In this WordPunk blog, we bluntly talk about the publishing industry, and on being an author, and how to value your work and why you must get paid on time.  Publishers don’t like authors and content providers to talk about contractual specifics because they prefer boilerplate contracts where everybody is paid the same — and nobody should ever blindly sign a boilerplate contract “as is” because there are always protections you need to ask for, and enforce, as an author and content provider that are not included in a boilerplate publisher’s contract.

Today, I’m going to share a story with you about our raw experiences over time dealing with the McGraw-Hill publishing house.

My first experience with that publisher was several years ago when they approached us to write an all-new “American Sign Language Dictionary.”  We were excited and daunted by the challenge.  We did about a month’s worth of work on the project before the McGraw-Hill editor who contacted us told us the idea had been killed by her editorial board.  We had no contract.  We had worked on faith for a month because, we were told, the idea had the internal support of McGraw-Hill, and that it was only a matter of working out the details.

On closer, postmortem examination, it appeared the editor who contacted us was just “looking for ideas to pitch” — and she had no solid green light for her ASL Dictionary.  We felt burned and burdened by that McGraw-Hill editor who sought us out, used our free goodwill and blind faith for a month, and then turned around and danced away from us when the truth came out that she had no deal to offer.

The next experience we had with McGraw-Hill was also several years ago when they approached us to use some of our GIS screenshots in their textbooks.  We were happy to provide the screenshots for the books under a North American Rights publishing agreement.  We also asked for three copies of each book.  McGraw-Hill paid us $2,700.00 for the rights and, even though they didn’t want to also provide book copies, they agreed to give us those copies and they placed that promise in our contract.  The books had a first run and a second run a couple of years later.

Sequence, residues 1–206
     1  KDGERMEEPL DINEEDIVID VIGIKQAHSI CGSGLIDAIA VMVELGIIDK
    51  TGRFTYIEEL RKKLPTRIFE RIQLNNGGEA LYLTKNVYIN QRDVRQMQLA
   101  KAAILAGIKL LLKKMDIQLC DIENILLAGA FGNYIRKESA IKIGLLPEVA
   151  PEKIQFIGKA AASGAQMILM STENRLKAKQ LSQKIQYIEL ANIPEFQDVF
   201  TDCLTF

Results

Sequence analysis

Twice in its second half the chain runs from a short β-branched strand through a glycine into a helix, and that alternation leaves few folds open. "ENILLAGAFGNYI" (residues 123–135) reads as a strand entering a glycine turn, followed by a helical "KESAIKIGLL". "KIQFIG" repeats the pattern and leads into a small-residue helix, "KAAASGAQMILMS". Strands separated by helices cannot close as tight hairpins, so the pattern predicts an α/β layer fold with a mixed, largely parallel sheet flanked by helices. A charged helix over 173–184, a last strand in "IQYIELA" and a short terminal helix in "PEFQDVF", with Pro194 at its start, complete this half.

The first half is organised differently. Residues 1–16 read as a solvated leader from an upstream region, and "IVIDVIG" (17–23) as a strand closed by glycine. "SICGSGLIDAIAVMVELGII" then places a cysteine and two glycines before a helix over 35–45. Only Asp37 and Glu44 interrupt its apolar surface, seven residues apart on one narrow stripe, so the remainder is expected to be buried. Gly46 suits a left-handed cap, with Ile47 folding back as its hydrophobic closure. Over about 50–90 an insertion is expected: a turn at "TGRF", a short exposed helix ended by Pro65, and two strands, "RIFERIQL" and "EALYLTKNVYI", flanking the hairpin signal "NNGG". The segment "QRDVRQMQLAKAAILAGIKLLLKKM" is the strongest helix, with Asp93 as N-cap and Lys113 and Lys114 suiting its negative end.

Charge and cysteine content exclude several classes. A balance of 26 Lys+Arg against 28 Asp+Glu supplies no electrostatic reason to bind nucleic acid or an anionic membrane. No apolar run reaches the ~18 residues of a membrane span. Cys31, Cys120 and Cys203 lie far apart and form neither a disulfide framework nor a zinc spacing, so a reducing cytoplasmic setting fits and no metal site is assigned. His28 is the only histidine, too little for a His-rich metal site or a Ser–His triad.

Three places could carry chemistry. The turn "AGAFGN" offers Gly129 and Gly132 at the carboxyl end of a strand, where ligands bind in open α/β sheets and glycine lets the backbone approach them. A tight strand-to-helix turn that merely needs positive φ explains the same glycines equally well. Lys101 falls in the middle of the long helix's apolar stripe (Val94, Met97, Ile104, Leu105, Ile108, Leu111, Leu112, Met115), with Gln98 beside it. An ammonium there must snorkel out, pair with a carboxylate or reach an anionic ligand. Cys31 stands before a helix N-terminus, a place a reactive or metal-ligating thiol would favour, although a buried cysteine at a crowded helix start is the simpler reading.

We were recently contacted again by McGraw-Hill to give them the rights to a “Spanish” translation of one of the books.  Now, we though that was an odd request — because book rights are usually done by region of the world, and not by language, and there were no other limits mentioned to the rights extension.  We were urged to hurry up and fax back our release.  They didn’t seem to want to pay us anything for the “Spanish” rights, they just needed our release signature to move forward.

We weren’t that desperate to see our screenshots in print in Spanish, and when a publisher is in “hurry up” mode — that’s a red flag that the deadline they’re giving you is to their advantage and not yours.

I replied to the email saying we were not really that interested in doing a Spanish translation deal with them, because they did not live up to the terms of our original North American Rights contract: McGraw-Hill violated that contract by never sending us the three copies of the textbooks even though we repeatedly asked that they be sent.  We negotiated a great deal on the first go around and, I believe, that is part of the reason why McGraw-Hill didn’t feel like sending us copies of the books as contractually required.